By the end of the semester, you will be able to internalize and perform subdivisions, hemiolas, syncopations, polyrhythms, and rhythms in changing meters in solo and ensemble situations while remaining relaxed and rhythmically accurate.

By the end of the course, you will be able to:

  • Maintain a steady pulse in duple, triple, and quadruple subdivisions
  • Perform simple hemiolas and polyrhythms in duple, triple, and quadruple subdivisions
  • Aurally recognize simple, compound, and complex meters
  • Accurately perform notated music utilizing standard rhythmic devices in simple, compound, and complex meters
  • Fluently notate standard rhythmic devices in simple, compound, and complex meters
  • Utilize a metronome as a practice tool in a variety of settings - on the beat, off the beat, every other beat, on four beats / off four beats, etc.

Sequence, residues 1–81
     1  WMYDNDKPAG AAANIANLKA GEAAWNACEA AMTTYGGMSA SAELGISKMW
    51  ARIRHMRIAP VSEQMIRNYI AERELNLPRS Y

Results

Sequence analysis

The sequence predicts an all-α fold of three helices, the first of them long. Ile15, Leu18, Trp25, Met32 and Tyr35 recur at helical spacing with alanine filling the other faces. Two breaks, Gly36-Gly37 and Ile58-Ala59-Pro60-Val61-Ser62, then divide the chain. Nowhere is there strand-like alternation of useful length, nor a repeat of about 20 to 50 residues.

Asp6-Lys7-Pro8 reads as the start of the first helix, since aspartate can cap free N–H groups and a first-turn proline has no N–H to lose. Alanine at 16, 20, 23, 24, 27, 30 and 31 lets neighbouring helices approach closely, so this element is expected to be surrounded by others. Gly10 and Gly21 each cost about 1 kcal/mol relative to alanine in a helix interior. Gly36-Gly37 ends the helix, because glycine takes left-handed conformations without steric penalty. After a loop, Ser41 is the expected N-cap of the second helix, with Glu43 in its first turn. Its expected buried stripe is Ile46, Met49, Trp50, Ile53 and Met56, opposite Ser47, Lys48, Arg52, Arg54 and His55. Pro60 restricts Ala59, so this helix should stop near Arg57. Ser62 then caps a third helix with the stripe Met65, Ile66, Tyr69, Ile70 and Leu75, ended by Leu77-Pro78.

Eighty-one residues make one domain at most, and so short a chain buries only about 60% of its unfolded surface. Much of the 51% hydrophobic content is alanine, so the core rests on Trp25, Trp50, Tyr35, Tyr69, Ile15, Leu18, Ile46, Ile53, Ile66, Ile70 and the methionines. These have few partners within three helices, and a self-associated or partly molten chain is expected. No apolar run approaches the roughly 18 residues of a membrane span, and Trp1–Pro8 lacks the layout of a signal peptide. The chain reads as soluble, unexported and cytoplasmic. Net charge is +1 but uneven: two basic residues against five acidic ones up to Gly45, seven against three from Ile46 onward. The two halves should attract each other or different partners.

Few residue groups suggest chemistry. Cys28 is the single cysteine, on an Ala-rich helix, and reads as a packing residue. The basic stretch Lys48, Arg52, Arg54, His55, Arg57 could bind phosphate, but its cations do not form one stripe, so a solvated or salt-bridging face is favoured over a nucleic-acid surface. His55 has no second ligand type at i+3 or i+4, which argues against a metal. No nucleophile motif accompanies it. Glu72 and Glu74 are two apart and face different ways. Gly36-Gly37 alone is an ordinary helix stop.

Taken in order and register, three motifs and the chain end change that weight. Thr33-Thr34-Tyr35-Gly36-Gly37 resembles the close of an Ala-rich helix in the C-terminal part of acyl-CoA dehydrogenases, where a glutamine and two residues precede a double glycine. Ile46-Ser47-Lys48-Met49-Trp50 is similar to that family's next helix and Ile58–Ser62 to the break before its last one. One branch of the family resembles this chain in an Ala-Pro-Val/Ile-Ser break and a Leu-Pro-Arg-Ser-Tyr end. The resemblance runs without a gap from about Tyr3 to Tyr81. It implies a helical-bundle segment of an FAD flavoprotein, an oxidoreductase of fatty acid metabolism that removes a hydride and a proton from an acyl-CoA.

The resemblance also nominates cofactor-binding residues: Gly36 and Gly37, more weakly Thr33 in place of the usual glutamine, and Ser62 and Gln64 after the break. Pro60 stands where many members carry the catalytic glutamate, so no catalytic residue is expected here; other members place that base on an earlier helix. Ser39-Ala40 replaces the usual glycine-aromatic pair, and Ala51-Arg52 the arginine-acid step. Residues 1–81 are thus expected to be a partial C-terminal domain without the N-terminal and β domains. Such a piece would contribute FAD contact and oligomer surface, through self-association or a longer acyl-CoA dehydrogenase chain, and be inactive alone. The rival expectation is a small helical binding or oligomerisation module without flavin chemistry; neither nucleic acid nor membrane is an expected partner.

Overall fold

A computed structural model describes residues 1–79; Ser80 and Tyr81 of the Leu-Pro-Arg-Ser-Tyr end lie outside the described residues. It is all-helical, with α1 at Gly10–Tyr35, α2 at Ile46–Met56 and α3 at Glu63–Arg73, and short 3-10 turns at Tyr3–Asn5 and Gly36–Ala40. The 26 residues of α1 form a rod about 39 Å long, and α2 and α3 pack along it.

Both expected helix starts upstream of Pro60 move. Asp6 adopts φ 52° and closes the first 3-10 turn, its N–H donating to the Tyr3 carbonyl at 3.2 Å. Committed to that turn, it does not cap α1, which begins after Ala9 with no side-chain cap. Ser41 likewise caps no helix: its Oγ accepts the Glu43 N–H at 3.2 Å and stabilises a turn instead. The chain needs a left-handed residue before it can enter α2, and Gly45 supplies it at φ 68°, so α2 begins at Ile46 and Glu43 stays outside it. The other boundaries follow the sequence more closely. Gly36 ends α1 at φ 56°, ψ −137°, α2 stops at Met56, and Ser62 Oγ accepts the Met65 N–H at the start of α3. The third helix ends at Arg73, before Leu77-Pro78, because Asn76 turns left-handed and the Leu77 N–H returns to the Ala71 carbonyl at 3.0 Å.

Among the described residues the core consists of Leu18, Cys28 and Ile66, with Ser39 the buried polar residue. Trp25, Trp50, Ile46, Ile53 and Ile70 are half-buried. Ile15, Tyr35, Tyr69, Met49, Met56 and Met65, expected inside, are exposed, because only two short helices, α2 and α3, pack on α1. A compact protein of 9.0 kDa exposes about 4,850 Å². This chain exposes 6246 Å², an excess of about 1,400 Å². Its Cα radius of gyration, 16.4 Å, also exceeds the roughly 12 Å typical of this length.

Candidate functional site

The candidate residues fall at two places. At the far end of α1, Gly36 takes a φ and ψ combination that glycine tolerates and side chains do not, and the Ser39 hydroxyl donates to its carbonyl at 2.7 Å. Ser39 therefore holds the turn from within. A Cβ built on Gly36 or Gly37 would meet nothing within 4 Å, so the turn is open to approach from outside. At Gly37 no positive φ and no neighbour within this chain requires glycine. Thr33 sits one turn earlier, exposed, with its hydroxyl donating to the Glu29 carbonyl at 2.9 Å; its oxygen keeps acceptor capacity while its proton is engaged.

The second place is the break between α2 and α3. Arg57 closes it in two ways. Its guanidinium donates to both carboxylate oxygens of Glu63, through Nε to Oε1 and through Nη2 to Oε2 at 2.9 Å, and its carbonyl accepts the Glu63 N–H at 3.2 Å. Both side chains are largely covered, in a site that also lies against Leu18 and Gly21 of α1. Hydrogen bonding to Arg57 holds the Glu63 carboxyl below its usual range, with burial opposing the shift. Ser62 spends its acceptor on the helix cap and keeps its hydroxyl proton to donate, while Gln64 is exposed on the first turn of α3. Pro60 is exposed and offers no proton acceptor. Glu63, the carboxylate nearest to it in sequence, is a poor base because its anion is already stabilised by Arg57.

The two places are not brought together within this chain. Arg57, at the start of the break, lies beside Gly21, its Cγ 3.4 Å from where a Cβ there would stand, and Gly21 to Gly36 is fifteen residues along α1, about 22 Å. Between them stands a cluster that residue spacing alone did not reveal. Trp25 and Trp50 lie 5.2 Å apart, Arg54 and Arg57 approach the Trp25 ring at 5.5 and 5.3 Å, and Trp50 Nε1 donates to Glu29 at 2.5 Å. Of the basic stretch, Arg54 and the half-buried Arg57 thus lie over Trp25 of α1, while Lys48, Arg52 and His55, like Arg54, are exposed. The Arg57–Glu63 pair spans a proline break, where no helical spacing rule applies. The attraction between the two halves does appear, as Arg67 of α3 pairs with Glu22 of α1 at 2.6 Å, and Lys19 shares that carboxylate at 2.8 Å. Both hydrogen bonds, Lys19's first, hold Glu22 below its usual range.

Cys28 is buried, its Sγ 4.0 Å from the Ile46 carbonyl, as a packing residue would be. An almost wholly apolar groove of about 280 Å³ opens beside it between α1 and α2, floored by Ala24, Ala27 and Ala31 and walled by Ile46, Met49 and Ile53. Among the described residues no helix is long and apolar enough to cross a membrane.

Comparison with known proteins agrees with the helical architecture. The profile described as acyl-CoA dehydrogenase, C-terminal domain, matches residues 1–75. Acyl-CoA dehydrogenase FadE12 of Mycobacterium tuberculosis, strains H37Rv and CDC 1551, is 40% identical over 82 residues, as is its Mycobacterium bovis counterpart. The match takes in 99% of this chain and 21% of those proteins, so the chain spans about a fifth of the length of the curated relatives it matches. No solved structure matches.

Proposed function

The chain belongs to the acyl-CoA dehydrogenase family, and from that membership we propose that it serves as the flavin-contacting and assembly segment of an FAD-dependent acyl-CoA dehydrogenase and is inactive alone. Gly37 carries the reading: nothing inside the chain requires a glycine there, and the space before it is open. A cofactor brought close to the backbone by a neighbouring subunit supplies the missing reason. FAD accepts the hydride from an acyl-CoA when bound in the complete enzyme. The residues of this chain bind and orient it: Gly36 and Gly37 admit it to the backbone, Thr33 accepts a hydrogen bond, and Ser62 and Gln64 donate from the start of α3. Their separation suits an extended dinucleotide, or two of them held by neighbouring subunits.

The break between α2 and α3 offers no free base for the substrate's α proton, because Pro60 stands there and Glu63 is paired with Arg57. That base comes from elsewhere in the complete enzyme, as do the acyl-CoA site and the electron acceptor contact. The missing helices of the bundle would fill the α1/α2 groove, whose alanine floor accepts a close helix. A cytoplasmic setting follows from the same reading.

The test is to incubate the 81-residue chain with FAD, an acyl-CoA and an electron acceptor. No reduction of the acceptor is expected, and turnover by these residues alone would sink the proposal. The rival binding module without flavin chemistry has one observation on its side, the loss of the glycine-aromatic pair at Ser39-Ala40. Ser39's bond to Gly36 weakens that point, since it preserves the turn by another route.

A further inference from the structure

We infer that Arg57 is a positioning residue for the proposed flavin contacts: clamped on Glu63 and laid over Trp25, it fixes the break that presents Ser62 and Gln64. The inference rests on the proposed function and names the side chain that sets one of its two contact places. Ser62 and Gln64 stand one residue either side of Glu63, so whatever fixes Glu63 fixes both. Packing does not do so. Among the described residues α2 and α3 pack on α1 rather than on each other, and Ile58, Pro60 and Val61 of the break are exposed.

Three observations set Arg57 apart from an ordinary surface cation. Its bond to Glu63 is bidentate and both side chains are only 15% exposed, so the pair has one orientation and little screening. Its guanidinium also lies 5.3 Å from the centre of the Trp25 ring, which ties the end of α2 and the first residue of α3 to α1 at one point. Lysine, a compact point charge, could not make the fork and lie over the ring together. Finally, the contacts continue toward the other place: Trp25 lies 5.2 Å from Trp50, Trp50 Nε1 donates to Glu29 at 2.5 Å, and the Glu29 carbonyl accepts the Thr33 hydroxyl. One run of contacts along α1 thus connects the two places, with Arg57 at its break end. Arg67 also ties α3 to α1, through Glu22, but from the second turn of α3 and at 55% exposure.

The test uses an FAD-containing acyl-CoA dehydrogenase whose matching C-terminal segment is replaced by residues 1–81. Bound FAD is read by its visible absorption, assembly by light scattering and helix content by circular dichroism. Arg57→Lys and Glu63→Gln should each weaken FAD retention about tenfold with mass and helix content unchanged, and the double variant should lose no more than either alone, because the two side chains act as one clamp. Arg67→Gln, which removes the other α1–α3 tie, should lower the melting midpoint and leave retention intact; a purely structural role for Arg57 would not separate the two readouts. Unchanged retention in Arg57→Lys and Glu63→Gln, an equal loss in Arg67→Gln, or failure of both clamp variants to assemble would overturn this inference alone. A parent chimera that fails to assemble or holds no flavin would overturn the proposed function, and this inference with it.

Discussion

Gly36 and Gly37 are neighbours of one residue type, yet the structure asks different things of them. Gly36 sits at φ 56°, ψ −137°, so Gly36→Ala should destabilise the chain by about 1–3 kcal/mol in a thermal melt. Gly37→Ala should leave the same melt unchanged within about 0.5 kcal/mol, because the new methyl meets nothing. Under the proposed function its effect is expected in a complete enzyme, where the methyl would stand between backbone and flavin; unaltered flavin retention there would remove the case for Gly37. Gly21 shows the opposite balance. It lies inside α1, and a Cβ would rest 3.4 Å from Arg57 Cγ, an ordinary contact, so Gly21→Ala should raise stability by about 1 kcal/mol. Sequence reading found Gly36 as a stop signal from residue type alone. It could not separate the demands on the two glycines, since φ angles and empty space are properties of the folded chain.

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Lesson 1: Internal Pulse

  • Basic Terms
  • Utilizing Biorhythms: Breath and Motion
  • Subdivisions: Duple, Triple, Quadruple
  • Assignment 1: Subdivisions and Dictation

Lesson 2: Meter: Simple and Compound

  • What is Meter on a Macro Level?
  • Macro-meters in Real Music
  • Vague Rhythms in Real Music
  • Identifying How Beats Are Grouped
  • Meter at the Micro-Level: Simple Meter vs. Compound Meter
  • Comparing Simple vs. Compound
  • Shifting Subdivisions with a Steady Beat / Shifting Beat with Steady Subdivisions